backFestival 2008 - Fathers


„Dearest Father, You asked me recently why I maintain that I am afraid of you. As usual, I was unable to think of any answer to your question, partly for the very reason that I am afraid of you, and partly because an explanation of the grounds for this fear would mean going into far more details than I could even approximately keep in mind while talking. And if I now try to give you an answer in writing, it will still be very incomplete, because, even in writing, this fear and its consequences hamper me in relation to you and because the magnitude of the subject goes far beyond the scope of my memory and the power of my reasoning” – so begins Franz Kafka’s famous “Letter to his Father,” a monologue of the now-adult son, full of grudges and accusations against the tradition personified by the father.

The figure of the father is one of the oldest and most powerful cultural motifs, a theme that might seem to have been explored and explained in minutest detail. Nevertheless, it is continually taken up again, with the same passion and anxiety, now in fascination, now as a painful coming to terms. Our relationships with our FATHERS are still complex and mysterious, yet it is these relationships that mould our identity, our attitude to power and authority, and cause us to feel safe or excluded. Psychoanalysis pointed out the emotional ambivalence inherent in the son’s attitude to the father, which for Freud was expressed most dramatically in the Greek myth of King Oedipus. On the one hand, a little boy must love his father because he seems to him the wisest and best of all beings (indeed, even God is but an elevated image of the father), on the other, he sees the father as a disturber of his own instinctual life, so he wants to annihilate him and take his place. Freud believed it to be the cause of simultaneously affectionate and hostile impulses towards the father, which often persist throughout one’s life, unable to cancel each other out.

Later psychoanalytical studies by Melanie Klein and Jacques Lacan have offered a new interpretation of the Oedipal situation: the father is not only the hated and dangerous rival, but also the one whose presence questions the unlimited relationship between the mother and child. Michel Foucault elaborated on this theme in his essay on Hölderlin and the absence of the father: “Consequently, the father separates, that is, he is the one who protects when, in his proclamation of the Law, he links space, rules, and language within a single and major experience. At a stroke, he creates the distance along which will develop the scansion of presences and absences, the speech whose initial form is based on constraints, and finally, the relationship of the signifier to the signified which not only gives rise to the structure of language but also to the exclusion and symbolic transformation of repressed material.” Freud thus posits the father as a prototype in relation to which we first form our sense of self at an early stage of psychic life. All subsequent attempts at identifying or dissociating oneself to protect one’s individuality prove to be a mere variant or derivative of that original relationship.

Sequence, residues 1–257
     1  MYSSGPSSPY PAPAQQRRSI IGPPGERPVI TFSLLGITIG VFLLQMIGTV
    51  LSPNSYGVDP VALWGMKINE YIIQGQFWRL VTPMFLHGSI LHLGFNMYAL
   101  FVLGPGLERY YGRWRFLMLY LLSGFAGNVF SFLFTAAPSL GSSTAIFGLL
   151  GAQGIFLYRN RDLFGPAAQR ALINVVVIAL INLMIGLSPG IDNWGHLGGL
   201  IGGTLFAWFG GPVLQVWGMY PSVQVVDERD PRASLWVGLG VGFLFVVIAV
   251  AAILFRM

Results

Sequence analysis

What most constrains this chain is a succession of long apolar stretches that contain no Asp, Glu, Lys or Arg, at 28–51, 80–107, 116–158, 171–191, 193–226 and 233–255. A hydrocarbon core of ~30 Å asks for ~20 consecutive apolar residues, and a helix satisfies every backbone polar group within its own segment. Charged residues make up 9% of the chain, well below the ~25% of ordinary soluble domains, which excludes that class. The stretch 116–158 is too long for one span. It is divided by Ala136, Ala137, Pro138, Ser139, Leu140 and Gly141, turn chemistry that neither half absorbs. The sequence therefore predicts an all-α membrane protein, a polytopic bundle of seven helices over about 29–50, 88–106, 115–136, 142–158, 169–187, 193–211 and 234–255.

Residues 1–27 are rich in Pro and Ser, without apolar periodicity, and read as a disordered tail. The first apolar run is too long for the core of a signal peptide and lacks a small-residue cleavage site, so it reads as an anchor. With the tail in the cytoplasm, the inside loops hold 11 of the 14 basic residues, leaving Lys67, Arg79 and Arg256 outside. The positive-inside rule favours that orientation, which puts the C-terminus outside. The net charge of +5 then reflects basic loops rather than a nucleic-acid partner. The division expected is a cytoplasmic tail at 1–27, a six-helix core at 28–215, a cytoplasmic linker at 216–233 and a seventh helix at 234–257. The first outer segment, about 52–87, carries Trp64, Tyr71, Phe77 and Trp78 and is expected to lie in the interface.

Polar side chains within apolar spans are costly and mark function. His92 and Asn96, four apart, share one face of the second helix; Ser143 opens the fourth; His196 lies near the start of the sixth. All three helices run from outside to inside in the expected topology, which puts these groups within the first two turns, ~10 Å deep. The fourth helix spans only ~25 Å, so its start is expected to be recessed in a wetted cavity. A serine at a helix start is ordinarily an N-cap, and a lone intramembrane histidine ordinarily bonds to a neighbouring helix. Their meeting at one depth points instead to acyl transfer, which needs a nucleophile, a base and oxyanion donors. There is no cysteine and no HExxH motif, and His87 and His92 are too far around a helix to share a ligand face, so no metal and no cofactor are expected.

Who, then, are our FATHERS? Who are WE in relation to our FATHERS? What do our biographies, family and generational histories tell about our mutual relations? How do we perceive fatherhood in social and political space, as well as the father’s presence or absence in religious and existential terms? 
FATHERS direct us towards the past that we inherit. They are our link with history, as experienced by us directly – through our own biography. Heiner Müller, a German dramatist and director, claimed: “You can only write about history if you write your own historical situation into it.” Such history is a tangible, living entity; it is also a challenge that is sometimes difficult to meet. We always establish the relations between the past and the present with reference to our fathers, even if we have abandoned or are ashamed of them, or if we don’t even know who they were. 

The artists invited to the Festival explore the motif of the father from various angles, on the border between what is personal and collective, private and public, examining how it shapes our national, cultural and religious identity, and, consequently, how it affects our sense of belonging, or of being orphaned or excluded. The context of Łódź is, of course, not without significance. The slogan of this year’s festival refers both to the past and the present of Łódź, an orphaned city at a time of cultural transformation. There is no other city in Poland with such a strong multicultural history and tradition, a city where the subject of fatherhood could emerge as equally important and inspiring.

Plakaty festiwalu